Suffolk remains strong, mayor says

Published 10:03 pm Tuesday, April 26, 2011

Mayor Linda T. Johnson chats with Brian Williams, manager of the Hilton Garden Inn Suffolk Riverfront, after the speech.

The city of Suffolk is continually adding to its story and looking to write the next exciting chapter, according to Mayor Linda T. Johnson’s State of the City address.

The annual Chamber of Commerce luncheon event drew more than 400 attendees from throughout Hampton Roads to Suffolk’s downtown Hilton Garden Inn. The business and community leaders were treated to the mayor’s literary-themed speech, lunch and a dessert reception.

Johnson used the opportunity to highlight a variety of accomplishments in the city throughout the past year, from completed public safety initiatives to increased economic development possibilities.


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“As we tell our story, we are marketing who we are and what we have to offer to the businesses looking for a place to set up shop, to tourists looking for a place to visit, to conventions looking for a place to meet and, of course, to families looking for a place to call home,” Johnson said. “We can’t ignore the fact that we are facing continued challenges, but my trust is in the future.”

Video clips were interspersed throughout Johnson’s speech, adding visuals and quotes from others to the presentation.

“If I had to pick just one accomplishment of 2010 that I’m most proud of, it would be when I learned that Suffolk had been selected as one of the top 100 small cities to live in by CNN Money magazine,” Johnson said near the beginning of the speech.

She went on to highlight business growth in the city that led to more than $71 million in capital investment by dozens of new and existing businesses in 2010, along with 909 new jobs and more than 630,000 square feet of new or newly occupied commercial space.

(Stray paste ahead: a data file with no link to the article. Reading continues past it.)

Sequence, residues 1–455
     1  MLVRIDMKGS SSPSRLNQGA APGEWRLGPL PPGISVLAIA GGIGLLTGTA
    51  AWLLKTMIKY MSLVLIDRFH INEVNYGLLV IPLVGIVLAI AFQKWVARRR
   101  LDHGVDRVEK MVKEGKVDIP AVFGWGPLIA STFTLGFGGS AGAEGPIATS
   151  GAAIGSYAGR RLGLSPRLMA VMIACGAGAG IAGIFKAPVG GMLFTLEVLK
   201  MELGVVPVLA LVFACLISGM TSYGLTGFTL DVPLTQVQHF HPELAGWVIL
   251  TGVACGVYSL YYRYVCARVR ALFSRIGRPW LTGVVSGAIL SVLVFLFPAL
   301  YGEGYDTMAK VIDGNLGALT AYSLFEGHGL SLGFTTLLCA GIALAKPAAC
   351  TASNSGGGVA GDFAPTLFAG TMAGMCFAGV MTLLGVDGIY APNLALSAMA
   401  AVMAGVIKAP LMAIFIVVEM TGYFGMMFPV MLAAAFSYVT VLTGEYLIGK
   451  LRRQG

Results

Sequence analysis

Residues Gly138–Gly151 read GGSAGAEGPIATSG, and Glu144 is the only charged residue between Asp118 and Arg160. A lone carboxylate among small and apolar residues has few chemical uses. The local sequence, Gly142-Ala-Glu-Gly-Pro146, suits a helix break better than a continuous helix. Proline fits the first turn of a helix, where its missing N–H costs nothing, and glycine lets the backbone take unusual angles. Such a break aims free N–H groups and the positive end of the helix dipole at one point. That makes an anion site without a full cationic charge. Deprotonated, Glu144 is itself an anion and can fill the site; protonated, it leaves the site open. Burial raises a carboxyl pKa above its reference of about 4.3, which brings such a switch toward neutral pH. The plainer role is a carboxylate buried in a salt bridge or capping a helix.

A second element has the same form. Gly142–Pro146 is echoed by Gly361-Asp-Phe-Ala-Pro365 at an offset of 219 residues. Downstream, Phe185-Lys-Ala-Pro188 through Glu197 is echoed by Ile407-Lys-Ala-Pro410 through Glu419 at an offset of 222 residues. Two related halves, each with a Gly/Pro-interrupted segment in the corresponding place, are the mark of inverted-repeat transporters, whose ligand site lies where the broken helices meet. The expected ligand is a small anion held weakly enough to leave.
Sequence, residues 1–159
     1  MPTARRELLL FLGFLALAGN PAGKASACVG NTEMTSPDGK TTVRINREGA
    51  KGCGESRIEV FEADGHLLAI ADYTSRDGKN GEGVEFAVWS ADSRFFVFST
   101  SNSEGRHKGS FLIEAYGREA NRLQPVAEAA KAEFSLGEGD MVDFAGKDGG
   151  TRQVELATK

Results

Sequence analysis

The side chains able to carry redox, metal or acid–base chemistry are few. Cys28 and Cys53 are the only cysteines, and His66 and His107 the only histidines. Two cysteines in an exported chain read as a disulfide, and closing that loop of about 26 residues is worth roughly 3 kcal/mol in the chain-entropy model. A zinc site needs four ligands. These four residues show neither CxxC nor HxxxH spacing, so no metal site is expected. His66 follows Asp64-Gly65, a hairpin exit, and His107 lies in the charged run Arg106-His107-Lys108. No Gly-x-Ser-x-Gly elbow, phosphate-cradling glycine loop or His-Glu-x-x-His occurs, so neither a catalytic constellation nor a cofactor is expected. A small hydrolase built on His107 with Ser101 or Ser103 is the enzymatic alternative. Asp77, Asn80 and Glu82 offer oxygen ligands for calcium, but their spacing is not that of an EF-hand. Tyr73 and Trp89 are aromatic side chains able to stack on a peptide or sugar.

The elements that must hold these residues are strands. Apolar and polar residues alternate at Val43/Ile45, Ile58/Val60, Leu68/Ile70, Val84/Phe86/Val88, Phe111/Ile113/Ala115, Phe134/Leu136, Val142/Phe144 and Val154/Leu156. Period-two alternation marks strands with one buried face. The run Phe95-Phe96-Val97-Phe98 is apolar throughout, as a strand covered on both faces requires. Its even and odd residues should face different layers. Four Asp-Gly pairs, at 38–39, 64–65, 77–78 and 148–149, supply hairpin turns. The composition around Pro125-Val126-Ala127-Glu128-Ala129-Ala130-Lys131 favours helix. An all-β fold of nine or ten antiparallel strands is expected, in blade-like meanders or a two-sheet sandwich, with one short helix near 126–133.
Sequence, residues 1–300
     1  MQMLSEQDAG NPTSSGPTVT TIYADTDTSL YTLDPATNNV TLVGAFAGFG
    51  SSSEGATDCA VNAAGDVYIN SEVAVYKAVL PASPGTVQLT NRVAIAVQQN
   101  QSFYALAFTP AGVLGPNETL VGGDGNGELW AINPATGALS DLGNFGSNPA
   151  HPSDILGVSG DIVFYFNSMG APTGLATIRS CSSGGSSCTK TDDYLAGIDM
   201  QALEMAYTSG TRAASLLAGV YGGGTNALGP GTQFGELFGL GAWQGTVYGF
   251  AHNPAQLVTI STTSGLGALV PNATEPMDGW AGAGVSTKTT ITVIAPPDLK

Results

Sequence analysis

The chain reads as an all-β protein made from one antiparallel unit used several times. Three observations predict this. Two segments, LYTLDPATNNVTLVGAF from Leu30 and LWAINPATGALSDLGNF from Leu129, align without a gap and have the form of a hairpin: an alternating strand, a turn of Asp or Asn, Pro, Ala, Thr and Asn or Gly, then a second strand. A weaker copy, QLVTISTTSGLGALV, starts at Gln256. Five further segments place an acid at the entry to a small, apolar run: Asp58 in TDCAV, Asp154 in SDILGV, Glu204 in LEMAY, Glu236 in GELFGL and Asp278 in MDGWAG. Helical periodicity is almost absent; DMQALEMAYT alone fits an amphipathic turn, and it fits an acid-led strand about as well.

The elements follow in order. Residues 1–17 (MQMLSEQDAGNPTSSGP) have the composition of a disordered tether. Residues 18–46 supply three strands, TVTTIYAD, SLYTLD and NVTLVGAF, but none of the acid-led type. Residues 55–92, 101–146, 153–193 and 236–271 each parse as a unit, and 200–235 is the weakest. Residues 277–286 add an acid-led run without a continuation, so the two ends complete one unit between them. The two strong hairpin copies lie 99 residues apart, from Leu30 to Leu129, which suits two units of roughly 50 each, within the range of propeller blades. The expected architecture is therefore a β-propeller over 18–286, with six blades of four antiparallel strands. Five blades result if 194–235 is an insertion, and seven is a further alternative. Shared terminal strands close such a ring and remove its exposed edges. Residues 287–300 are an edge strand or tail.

“As we continue to focus on economic development as a priority, we will celebrate these successes, continue to safeguard the economic assets we have in place, and look at new ways to not only continue to bring industry to Suffolk, but to also support our existing industry and businesses,” Johnson said. “We are dedicated to working with our business community to help create an environment where they can prosper and grow.”

Johnson added that even with the challenges brought by the disestablishment of U.S. Joint Forces Command, high-tech companies continue to invest in the North Suffolk area.

“Optimism about the North Suffolk technology corridor is unwavering, and we will work upon that,” Johnson said.

Housing options are another aspect of a growing city, and Johnson highlighted the upcoming Homearama in North Suffolk and the fledgling Fairgrounds development in the downtown area as two options for people looking to call Suffolk home.

In the education chapter, Johnson mentioned the academic, athletic and artistic accomplishments of Suffolk Public Schools, including each school being state-accredited.

Quality of life continues to improve, too, Johnson said. Sentara BelleHarbour, Bon Secours Health Center and a recent addition to Sentara Obici Hospital are among the expanding health care options. A number of new restaurants and recreational facilities have opened in the past year, and the city also opened the King’s Fork Public Safety Center last August, which houses a fire station, fire department administration and an emergency operations center.

Johnson also touched on the budget proposal, which includes a 6-cent tax increase for the city’s homeowners.

“Our City Council recognizes that the current budget is not popular,” Johnson said. “But our city chooses to face its challenges head on, as we know that the test of leadership can only be won by taking necessary and yes, sometimes unpopular, stand in times when others would choose not to do so.”

Other areas highlighted in Johnson’s presentation included awards won by local businesses, individuals and city departments, green industry initiatives, the annual Peanut Festival, the recent return of native land to the Nansemond Indian Tribe and more.

“We’ve come too far and we’ve achieved too much to think about turning back now because of any uncertainties of tomorrow,” Johnson said. “We control our destiny and must write the next chapter of our history.”